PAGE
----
This piece was meant to answer that question, albeit in a meandering way. Basically: I let a lot of non-work things slide, and I’m naturally very good at sequencing tasks, dividing them up into sub-parts, and motivating myself to complete them. I come across as really productive and efficient because my brain is naturally really good at hyper-focusing on a task and executing it; when it comes to taking care of myself, knowing my emotions, traveling to visit friends or for work activities, etc, I’m a lot less effective.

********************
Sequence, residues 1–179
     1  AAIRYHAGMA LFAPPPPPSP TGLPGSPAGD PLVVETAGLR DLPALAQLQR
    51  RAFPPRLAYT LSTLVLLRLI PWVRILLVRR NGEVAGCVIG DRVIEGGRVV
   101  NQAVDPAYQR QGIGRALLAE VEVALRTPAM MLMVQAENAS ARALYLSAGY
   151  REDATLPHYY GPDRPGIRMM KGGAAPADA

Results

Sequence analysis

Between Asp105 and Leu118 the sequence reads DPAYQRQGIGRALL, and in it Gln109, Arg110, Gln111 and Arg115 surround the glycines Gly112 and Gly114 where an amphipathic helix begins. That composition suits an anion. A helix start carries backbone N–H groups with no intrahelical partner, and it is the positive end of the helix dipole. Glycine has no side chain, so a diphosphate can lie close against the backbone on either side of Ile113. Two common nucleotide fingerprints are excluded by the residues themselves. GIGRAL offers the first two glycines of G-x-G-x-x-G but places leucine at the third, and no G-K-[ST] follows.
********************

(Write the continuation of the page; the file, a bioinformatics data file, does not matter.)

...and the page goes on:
I really appreciate the compliment about my writing, though I have to admit I feel conflicted about the idea of being an inspiration to other autistic people. On one hand, yes, I hope my life is an illustration of what can happen when we are accommodated and given autonomy. When autistic people have told me that my story gives them hope for their futures, I feel really good about that. At the same time…I don’t think it’s fair that in order to be a successful autistic adult, it requires a really specialized, financially rewarding skill, an advanced degree, and a ton of good luck. I think all autistic people are wonderful and perfect just as they are, and they all deserve to have wonderful lives no matter how productive they are or aren’t.